Elite athletes who suffer a sudden cardiac arrest might have genetics that make them more vulnerable to heart disease, a new study suggests.
Analysis of more than 280 top-level endurance athletes revealed that 1 in 6 have measures that would normally suggest heart disease and reduced heart function, researchers report in the journal Circulation.
Those athletes also carried a rich load of genes associated with heart disease, researchers said.
“The phenomenon of the athletes’ heart has long been known, but we were the first team to investigate the role an athlete’s genetic makeup plays in their heart function and structure,” researcher Dr. Diane Fatkin, a molecular cardiologist at the Victor Chang Cardiac Research Institute in Sydney, said in a news release.
“What we have found is that there are far more profound changes than thought and that a high number of these athletes do have altered heart function,” she continued.
A series of recent near-tragedies on playing fields and in gymnasiums have prompted increased interest in how heavy exercise can affect the hearts of elite athletes.
In late July, University of Southern California freshman guard Bronny James – son of Lakers basketball star LeBron James — collapsed from a cardiac arrest during an offseason workout.
And Buffalo Bills safety Damar Hamlin suffered an on-field cardiac arrest during a 2022 football game, following a hit to the chest during a tackle.
The athletes included in the new study are participants in the Pro@Heart study, an international project aimed at assessing the long-term health effects of high-level exercise.
“We have long known that elite athletes have very different hearts to the general population,” researcher Andre La Gerce, head of sports cardiology at the Baker Heart and Diabetes Institute in Melbourne, Australia, said in a news release.
“Exercise promotes profound heart changes. The heart is large in all elite athletes but there is still considerable variation ranging from large to enormous. The long-term significance of the most extreme changes is not yet certain,” La Gerce added.
Participating athletes underwent heart imaging and exercise testing in six cities across Australia and Belgium, as well as genetic analysis.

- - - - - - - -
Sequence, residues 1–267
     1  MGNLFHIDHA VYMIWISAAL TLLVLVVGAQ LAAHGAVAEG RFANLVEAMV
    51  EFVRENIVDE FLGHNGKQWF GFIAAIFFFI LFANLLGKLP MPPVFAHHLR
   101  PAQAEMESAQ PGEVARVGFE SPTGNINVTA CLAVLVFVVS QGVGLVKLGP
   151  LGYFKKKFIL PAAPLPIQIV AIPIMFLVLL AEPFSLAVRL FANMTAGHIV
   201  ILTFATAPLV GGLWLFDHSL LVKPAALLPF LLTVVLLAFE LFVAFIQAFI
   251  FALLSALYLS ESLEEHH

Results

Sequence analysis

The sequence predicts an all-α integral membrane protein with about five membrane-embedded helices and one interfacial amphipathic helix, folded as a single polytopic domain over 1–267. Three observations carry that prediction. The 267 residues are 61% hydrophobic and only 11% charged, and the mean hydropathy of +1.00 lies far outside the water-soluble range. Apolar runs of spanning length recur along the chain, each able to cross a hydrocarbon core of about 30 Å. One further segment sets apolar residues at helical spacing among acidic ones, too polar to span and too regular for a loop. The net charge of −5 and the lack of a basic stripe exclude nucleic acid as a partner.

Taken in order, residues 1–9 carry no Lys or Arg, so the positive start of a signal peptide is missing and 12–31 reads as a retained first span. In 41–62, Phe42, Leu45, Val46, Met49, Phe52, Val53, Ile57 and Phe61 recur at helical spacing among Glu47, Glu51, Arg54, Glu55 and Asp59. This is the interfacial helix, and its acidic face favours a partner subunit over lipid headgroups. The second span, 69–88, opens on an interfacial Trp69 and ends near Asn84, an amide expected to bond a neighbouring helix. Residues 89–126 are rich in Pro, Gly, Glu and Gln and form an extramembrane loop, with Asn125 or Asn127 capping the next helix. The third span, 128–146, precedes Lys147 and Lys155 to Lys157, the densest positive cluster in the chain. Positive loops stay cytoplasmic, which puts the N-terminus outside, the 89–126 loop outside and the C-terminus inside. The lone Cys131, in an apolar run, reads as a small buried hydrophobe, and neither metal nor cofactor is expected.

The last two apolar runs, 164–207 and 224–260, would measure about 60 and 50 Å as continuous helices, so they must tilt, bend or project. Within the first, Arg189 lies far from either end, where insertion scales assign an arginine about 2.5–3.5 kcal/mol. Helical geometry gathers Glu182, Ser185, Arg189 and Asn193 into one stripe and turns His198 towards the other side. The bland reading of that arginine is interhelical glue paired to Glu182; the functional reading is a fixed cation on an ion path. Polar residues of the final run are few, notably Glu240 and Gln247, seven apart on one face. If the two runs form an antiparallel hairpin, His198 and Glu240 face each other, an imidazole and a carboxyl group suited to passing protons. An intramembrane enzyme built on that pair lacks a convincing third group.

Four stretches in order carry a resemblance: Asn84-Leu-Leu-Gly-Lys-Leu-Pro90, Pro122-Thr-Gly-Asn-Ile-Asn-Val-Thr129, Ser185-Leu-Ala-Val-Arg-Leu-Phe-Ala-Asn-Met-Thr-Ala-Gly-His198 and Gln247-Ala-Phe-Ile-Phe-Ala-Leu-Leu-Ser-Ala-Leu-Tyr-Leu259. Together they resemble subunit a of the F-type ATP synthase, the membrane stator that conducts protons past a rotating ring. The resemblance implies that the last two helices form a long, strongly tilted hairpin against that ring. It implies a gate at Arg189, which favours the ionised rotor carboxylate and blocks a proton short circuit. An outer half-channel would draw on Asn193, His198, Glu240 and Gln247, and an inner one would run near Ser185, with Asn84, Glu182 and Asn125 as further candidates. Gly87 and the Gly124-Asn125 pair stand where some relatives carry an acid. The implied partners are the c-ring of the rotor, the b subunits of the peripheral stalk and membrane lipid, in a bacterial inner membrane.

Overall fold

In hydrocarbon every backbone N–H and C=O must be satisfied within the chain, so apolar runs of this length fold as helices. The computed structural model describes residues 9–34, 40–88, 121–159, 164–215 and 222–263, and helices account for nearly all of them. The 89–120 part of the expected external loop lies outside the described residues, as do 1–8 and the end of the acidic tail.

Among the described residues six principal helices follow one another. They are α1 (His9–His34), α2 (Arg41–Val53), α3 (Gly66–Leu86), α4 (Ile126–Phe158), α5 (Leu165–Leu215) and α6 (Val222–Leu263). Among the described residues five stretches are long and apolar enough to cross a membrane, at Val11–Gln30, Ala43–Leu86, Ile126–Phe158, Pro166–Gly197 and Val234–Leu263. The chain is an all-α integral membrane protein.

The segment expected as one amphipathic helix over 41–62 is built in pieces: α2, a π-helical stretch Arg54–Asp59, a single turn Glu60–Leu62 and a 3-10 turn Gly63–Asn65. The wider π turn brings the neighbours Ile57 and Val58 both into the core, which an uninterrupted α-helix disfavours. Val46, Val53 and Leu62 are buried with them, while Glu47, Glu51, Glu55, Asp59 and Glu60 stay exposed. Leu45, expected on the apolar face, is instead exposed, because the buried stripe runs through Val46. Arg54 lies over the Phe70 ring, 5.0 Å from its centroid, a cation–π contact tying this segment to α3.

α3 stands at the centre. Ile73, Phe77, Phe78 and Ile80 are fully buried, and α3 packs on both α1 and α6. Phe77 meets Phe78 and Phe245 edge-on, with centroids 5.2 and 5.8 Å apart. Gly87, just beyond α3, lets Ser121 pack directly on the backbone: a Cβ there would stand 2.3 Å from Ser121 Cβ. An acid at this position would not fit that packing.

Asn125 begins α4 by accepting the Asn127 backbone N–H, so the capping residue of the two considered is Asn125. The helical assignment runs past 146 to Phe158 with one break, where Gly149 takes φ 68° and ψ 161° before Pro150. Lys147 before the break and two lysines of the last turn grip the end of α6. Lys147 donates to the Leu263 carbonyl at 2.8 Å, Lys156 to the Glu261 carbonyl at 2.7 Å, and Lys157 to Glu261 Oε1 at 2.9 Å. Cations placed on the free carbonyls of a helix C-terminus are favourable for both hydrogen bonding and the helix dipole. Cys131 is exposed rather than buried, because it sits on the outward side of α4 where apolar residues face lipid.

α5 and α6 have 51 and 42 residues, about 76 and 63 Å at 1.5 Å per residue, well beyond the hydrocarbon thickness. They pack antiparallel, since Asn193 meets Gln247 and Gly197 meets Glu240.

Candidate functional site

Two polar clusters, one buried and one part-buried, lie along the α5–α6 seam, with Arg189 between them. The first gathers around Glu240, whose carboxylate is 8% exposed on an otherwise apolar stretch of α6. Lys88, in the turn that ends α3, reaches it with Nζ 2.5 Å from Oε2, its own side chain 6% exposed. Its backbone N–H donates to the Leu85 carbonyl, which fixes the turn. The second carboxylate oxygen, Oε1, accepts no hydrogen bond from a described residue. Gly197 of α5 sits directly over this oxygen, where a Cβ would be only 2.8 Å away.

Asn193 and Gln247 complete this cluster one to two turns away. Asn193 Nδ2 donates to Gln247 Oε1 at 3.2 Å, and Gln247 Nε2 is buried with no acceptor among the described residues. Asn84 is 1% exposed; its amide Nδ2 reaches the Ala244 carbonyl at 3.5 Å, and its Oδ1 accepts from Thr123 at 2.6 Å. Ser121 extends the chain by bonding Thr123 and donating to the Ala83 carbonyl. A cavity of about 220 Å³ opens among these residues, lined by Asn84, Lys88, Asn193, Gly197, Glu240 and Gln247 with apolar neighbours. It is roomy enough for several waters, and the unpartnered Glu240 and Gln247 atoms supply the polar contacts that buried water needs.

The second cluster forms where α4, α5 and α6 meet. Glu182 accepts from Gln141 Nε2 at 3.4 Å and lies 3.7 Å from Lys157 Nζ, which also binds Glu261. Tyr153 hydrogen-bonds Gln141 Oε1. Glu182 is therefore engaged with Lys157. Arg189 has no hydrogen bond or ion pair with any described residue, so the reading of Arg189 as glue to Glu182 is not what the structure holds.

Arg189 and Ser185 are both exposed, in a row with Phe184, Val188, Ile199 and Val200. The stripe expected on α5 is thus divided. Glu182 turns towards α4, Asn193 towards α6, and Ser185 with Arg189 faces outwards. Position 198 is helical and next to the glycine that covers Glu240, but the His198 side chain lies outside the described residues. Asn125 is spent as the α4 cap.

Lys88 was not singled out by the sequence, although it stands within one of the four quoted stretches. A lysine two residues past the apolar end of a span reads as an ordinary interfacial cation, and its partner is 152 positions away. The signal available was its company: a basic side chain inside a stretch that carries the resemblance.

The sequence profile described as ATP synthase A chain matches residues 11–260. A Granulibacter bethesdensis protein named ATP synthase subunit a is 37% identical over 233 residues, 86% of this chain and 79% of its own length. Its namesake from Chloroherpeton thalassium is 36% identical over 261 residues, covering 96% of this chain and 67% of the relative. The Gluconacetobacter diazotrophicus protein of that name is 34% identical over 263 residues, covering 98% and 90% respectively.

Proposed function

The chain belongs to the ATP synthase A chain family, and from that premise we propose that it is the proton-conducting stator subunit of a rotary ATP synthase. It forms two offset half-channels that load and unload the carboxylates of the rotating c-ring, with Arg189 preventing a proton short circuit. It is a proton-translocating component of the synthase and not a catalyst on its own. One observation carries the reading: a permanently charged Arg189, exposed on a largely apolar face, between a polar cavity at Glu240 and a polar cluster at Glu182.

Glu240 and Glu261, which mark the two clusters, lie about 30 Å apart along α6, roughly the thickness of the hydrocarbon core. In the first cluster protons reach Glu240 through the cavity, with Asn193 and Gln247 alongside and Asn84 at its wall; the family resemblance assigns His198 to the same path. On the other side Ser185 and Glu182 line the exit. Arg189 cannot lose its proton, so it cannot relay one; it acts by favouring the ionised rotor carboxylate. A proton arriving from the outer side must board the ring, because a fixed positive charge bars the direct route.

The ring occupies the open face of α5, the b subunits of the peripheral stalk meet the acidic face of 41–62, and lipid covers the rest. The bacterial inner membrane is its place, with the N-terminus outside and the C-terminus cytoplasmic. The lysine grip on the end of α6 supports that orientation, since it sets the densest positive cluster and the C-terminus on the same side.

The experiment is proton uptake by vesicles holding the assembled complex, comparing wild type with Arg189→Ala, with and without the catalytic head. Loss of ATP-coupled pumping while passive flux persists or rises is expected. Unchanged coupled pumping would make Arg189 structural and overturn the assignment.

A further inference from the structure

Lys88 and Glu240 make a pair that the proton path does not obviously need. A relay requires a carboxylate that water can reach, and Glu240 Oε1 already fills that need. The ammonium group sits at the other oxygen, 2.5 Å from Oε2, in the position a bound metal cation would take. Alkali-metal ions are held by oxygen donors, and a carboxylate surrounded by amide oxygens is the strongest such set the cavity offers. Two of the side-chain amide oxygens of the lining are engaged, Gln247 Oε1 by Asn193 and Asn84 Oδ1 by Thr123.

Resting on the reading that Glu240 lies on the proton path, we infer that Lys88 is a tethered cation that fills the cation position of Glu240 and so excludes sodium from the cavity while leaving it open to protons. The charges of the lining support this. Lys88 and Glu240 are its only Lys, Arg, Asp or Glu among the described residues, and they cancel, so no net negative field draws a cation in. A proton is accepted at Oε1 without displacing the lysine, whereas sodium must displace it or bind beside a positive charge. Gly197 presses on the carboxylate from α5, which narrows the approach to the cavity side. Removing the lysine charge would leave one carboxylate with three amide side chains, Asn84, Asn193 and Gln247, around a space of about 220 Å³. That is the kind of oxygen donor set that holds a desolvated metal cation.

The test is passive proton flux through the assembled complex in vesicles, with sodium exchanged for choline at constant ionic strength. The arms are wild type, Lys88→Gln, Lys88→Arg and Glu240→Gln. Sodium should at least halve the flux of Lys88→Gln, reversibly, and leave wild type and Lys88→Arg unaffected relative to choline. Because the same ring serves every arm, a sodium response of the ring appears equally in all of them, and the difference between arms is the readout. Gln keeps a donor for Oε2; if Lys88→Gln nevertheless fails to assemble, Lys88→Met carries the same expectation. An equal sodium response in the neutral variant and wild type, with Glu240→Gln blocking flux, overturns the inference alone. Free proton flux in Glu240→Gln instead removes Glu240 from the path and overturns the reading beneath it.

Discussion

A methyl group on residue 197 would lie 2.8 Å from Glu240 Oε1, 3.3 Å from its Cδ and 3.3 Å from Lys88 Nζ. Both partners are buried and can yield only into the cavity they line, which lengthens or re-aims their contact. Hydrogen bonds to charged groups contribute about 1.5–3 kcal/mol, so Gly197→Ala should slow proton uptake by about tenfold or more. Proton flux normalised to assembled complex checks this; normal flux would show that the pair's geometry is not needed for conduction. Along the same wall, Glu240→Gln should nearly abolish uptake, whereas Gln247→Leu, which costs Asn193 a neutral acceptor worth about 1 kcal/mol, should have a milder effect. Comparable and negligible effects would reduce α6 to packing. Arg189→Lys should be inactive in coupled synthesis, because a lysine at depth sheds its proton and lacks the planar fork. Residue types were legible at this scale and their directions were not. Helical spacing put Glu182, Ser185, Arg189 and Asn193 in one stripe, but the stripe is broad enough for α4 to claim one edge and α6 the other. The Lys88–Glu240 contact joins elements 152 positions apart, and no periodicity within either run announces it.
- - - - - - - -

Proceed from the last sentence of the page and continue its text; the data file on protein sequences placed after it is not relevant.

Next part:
About 16% had heart measures normally associated with heart disease, such as an enlarged heart, irregular rapid heartbeat, and changes in the heart’s left ventricle – the chamber responsible for pumping oxygenated blood out into the body.
This reduced heart function was only observed when the athletes were at rest. When exercising, their hearts functioned at “super normal” levels, showing that the organs are able to substantially increase pumping action when needed to boost cardiac output.
Further, researchers found that athletes with the highest load of genes related to heart disease were 11 times more likely to have reduced heart function measures.
“It’s very important we don’t think of these athletes as having sick hearts because they can still function at a very high level,” Fatkin said. “But we don’t know what the long-term effect will be and if this means these athletes will go on to develop cardiomyopathy.”
The study highlights the need to closely monitor the heart health of high-level athletes, La Gerce said.
“We want to keep our athletes healthy and prevent them from suffering a sudden cardiac arrest,” he said. “The better we understand the athletes’ heart, the more we will be able to identify risks in advance of tragedy.”
Researchers plan to follow these same athletes over the next 25 years to see whether they do go on to develop heart problems.
“Regular exercise is associated with clear health benefits,” said researcher Hein Heidbuchel, a professor of cardiology at Antwerp University Hospital in Belgium. “But there may be a small group with a genetic predisposition that is good for developing an elite sports heart at a young age, but could be dangerous in the long term if they continued exercising at this very high level.”
The American Heart Association has more about sudden cardiac deaths in athletes.
SOURCE: Victor Chang Cardiac Research Institute, news release, Dec. 18, 2023
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